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Material Classification of Magnetic Resonance Volume Data

Laidlaw, David H. (1992) Material Classification of Magnetic Resonance Volume Data. Computer Science Technical Reports, California Institute of Technology , Pasadena, CA. (Unpublished) http://resolver.caltech.edu/CaltechCSTR:1992.cs-tr-92-21

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Abstract

A major unsolved problem in computer graphics is that of making high-quality models. Traditionally, models have consisted of interactively or algorithmically described collections of graphics primitives such as polygons. The process of constructing these models is painstaking and often misses features and behavior that we wish to model. Models extracted from volume data collected from real, physical objects have the potential to show features and behavior that are difficult to capture using these traditional modeling methods. We use vector-valued magnetic resonance volume data in this thesis. The process of extracting models from such data involves four main steps: collecting the sampled volume data; preprocessing it to reduce artifacts from the collection process; classifying materials within the data; and creating either a rigid geometric model that is static, or a flexible, dynamic model that can be simulated. In this thesis we focus on the the first three steps. We present guidelines and techniques for collecting and processing magnetic resonance data to meet the needs of the later steps. Our material classification and model extraction techniques work better when the data values for a given material are constant throughout the dataset, when data values for different materials are different, and when the dataset is free of aliasing artifacts and noise. We present a new material-classification method that operates on vector-valued volume data. The method produces a continuous probability function for each material over the volume of the dataset, and requires no expert interaction to teach it different material classes. It operates by fitting peaks in the histogram of a collected dataset using parameterized gaussian bumps, and by using Bayes' law to calculate material probabilities, with each gaussian bump representing one material. To illustrate the classification method, we apply it to real magnetic resonance data of a human head, a human hand, a banana, and a jade plant. From the classified data, we produce "computationally stained" slices that discriminate among materials better than do the original grey-scale versions. We also generate volume-rendered images of classified datasets clearly showing different anatomical features of various materials. Finally, we extract preliminary static and dynamic geometric models of different tissues.


Item Type:Report or Paper (Technical Report)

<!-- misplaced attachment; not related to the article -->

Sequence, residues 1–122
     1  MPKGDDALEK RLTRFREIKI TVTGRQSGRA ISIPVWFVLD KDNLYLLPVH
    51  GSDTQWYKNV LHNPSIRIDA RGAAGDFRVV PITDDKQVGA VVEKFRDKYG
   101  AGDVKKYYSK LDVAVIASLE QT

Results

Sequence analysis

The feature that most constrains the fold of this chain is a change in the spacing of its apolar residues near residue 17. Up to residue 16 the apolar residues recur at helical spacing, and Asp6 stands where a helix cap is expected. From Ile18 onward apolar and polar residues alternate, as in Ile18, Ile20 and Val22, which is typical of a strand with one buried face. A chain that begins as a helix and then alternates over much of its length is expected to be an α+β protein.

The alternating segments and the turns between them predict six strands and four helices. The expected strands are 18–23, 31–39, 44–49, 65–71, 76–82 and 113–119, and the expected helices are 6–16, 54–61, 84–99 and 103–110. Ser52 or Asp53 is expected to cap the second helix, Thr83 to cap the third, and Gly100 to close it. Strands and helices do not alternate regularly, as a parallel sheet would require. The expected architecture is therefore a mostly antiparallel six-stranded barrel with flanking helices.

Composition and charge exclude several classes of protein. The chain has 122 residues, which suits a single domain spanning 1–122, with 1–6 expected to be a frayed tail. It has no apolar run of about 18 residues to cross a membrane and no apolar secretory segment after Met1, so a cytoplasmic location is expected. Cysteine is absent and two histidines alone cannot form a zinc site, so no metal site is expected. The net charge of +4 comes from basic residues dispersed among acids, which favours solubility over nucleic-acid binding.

Additional Information:© 1992 David Laidlaw, California Institute of Technology. Submitted May 29, 1992. I would like to thank Al Barr, my advisor, for the many new directions and fresh ideas that he suggested, for teaching me applied math, among other things, and for providing the resource; and creating the environment that made this work possible. I would also like to thank my fellow graduate students, Ronen Barze, Bena Currin, Kurt Fleischer, Jeff Goldsmith, Devendra Kalra, Dave Kirk, John Snyder, and Adam Woodbury, for lots of productive suggestions and help with this work, and for the sense of camaraderie that made working in the lab a lot more fun and stimulating. In particular, John and Adam helped extensively with model extract ion, Dave and Devendra started the process of collecting and working with MR data, and Ronen and Kurt, among others, provided me with lots of insight daring many long, involved conversations. I am also grateful to Matthew Avalos for implementing much of the volumen-rendering software and for producing many of the volume-rendered images in Chapter 5. I would also like to thank Donald Marks, Bruce Bell, Mike Meckler, Mark Montague, Pete Wenzel and Allen Corcoran for helping to keep the lab software and hardware running, and Dian De Sha and Sandra Reyna for keeping the lab functioning otherwise. Mark and Dian also made helpful comments on earlier versions of this work. The data used in this work was collected at the Huntington Magnetic Resonance Center in Pasadena. I am grateful to Dr. Brian Ross for his help in organizing the process, to Bassem for many instructive conversations, and to Jose Jiminez for the late-night collection sessions. Thanks also to John Allman and Russ Jacobs for help in learning about magnetic resonance, biology, and anatomy. This work was supported by grants from the Beckman Institute Foundation and the National Science Foundation Science and Technology Center for Computer Graphics and Visualization. Finally, I would like to thank my parents for their long-distance support and encouragement, and my wife, Barbara Meier, not only for her technical and moral support, but for her patience and understanding.
Group:Computer Science Technical Reports
Funders:
Funding AgencyGrant Number
Arnold and Mabel Beckman FoundationUNSPECIFIED
NSFUNSPECIFIED
Other Numbering System:
Other Numbering System NameOther Numbering System ID
Computer Science Technical Reports92-21
DOI:10.7907/Z9ZP4490
Record Number:CaltechCSTR:1992.cs-tr-92-21
Persistent URL:http://resolver.caltech.edu/CaltechCSTR:1992.cs-tr-92-21
Usage Policy:You are granted permission for individual, educational, research and non-commercial reproduction, distribution, display and performance of this work in any format.
ID Code:26752
Collection:CaltechCSTR
Deposited By: Imported from CaltechCSTR
Deposited On:25 Apr 2001
Last Modified:28 Jul 2017 17:30

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